In partic.: <http://www.portail.culture.fr/> Ministre de la Justice: < http://www.justice.gouv.fr > Ministre de la fonction publique et de la rforme de lEtat: < http://www.fonctionpublique.gouv.fr> <http://www.admi.net>

Autorits administratives indpendantes: Commission Nationale Informatique Liberts (CNIL): <http://www.cnil.fr/index.htm> Commission d'accs aux documents administratifs (CADA): <http://www.cada.fr/> Autorit de rgulation des tlcommunications (ART) : <http://www.art-telecom.fr/> Agence pour les Technologies de l'Information et de la Communication dans l'Administration (ATICA): <http://www.atica.pm.gouv.fr/interop/accessibilite/index.shtml> Agence pour le Dveloppement de lAdministration lectronique (ADAE): <http://www.adae.pm.gouv.fr/>

142

Germany E-Government Manual, 2002-2003 (in progress). http://www.bsi.bund.de/fachthem/egov/6_en.htm

Gesetz zur Gleichstellung behinderter Menschen und zur nderung anderer Gesetze. http://www.behindertenbeauftragter.de/files/1027946170.39/gleichstellungsgesetz.pdf http://www.behindertenbeauftragter.de/gesetzgebung/behindertengleichstellungsgeset z/gesetzestext

Begrndung zum Gleichstellungsgesetz. http://www.behindertenbeauftragter.de/files/1027946170.39/Begruendung.pdf

Internet fr alle (2000). http://www.bundesregierung.de/Themen-A-Z/Informationsgesellschaft-,3798/InitiativeInternet-fuer-alle.htm RELATED DOCUMENTS: "Internet for All" - Ten Steps on the Path to the Information Society (18/09/2000). http://www.staat-modern.de/eng/download/info/tensteps.pdf

SOURCES Bundesgezetzblatt, 1949- . Web Sources: Bundestag: <http://www.bundestag.de/> Bundesrat: <http://www.bundesrat.de/> Bundesregierung: < http://www.bundesregierung.de/> Official Journal: <http://www.bundesanzeiger.de/index.php?main=5&sub=2> Law database in cooperation with the Ministry of Justice: <http://www.staatmodern.de/gesetze/uebersicht/index.html> 143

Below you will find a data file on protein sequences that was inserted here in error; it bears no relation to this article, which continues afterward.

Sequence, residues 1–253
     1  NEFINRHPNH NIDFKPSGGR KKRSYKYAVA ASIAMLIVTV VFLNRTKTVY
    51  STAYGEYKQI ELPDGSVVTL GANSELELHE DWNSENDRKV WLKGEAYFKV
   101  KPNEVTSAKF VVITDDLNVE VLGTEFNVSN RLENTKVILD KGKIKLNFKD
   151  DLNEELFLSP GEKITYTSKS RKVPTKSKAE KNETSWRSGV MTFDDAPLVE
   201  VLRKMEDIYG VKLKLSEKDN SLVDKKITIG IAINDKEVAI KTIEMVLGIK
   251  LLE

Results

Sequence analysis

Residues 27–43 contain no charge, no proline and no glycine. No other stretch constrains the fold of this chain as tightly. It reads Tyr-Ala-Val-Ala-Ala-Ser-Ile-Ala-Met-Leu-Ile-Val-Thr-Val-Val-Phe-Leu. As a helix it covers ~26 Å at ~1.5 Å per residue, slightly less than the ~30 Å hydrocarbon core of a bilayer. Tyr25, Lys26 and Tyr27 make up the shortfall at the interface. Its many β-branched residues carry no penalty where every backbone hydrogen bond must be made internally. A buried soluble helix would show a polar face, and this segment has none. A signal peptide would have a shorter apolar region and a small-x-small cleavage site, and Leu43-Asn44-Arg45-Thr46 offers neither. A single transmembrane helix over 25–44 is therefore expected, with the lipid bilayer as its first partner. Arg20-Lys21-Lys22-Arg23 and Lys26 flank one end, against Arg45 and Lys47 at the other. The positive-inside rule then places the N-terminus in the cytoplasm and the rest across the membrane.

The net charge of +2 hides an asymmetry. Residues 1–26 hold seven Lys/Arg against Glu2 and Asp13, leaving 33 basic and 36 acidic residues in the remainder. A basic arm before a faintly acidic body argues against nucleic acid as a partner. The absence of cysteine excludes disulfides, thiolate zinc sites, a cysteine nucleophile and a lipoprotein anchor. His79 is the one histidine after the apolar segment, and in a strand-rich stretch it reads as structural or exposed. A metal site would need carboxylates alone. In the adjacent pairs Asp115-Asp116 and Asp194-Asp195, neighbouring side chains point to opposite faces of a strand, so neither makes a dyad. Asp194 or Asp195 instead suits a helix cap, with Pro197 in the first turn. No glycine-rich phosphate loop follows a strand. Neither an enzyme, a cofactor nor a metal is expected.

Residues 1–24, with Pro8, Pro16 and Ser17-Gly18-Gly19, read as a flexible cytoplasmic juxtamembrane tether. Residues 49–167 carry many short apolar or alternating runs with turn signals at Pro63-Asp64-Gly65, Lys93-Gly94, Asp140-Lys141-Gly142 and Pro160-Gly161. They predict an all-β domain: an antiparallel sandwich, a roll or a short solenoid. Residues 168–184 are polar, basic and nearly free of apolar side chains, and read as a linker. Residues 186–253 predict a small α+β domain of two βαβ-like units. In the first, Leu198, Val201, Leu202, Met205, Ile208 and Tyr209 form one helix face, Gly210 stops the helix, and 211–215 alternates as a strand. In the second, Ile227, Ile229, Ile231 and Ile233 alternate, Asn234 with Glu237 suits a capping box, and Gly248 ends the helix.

Bundesamt fr Sicherheit in der Informationstechnik: <http://www.bsi.bund.de/> Forum Informationgesellschaft: <http://www.foruminformationsgesellschaft.de/fig/extern/index.htm> The Programme "Modern State - Modern Administration": <http://www.staat-modern.de/>

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Greece

New Article 5A/par. 2 of the revised Constitution (2001) [Every person has the right to participate in the Information Society. It ordains that the state has an obligation to facilitate access to electronically handled information as well as the production, exchange and dissemination of such information].

Greece in the Information Society. Strategy and Actions. 2002 (White Paper). http://en.infosoc.gr/content/downloads/WPEngFINAL.pdf

SOURCES Efemeris tes kiberneseos, [c.n.v.].

Web Sources: Parliament: <http://www.parliament.gr/> Information Society Portal: <http://en.infosoc.gr/> Greek Research and Technology Network: <http://www.grnet2.gr/index_en.html>

145

Ireland Building the Knowledge Society, Information Society Commission (ISC), December 2002. http://www.isc.ie/downloads/know.pdf

An Bille Um MiChumas, 2001. Disability Bill, 2001. http://www.gov.ie/bills28/bills/2001/6801/b6801d.pdf

Equal Status Act, Number 8 of 2000 [26th April, 2000]. http://www.gov.ie/bills28/acts/2000/a800.pdf http://www.irlii.org/

Report of the Interdepartmental Group Recommended Guidelines for Public Sector Organisations, October 1999. ormation Society Ireland. Information Society Commission (ISC), 2000. http://208.55.13.183/cgi-local/download.cgi/ISCThirdReport.pdf?f=ISC ThirdReport.pdf&dir= Third_Report_of_Irelands_Information_Society_Commission realise the potential of the Information Society, Government Action Plan, March 2002 http://taoiseach.gov.ie/upload/publications/1153.pdf

Implementing the Information Society in Ireland: An Action Plan (PN 6727), Department of the Taoiseach (Prime Minister), January 1999 http://taoiseach.gov.ie/upload/publications/238.rtf

No. 21/1998: Employment Equality Act, 1998. http://www.odei.ie/EmploymentEquality/Employment%20Equality%20Act,%201998.htm

IT Access for All, Information Society Commission (ISC).

146

http://208.55.13.183/publications/IT_Access_for_All__Report_of_the_Information_Soci ety_Commission/IT_Access_for_All_-_no_headers.doc SOURCES Iris oifigiil/official gazette, 1923 [?]

. Dublin: Stationery Office, 1923-

Irish Statute Book, 1922-2001. Dublin: Stationery Office. Irish current law statutes annotated, 1984- . London: Sweet and Maxwell, 1984.

Achtanna an Oireachtais mar a Fgraodh iad/Acts of the Oireachtas as promulgated, 1980- . Dublin: Stationery Office, 1982.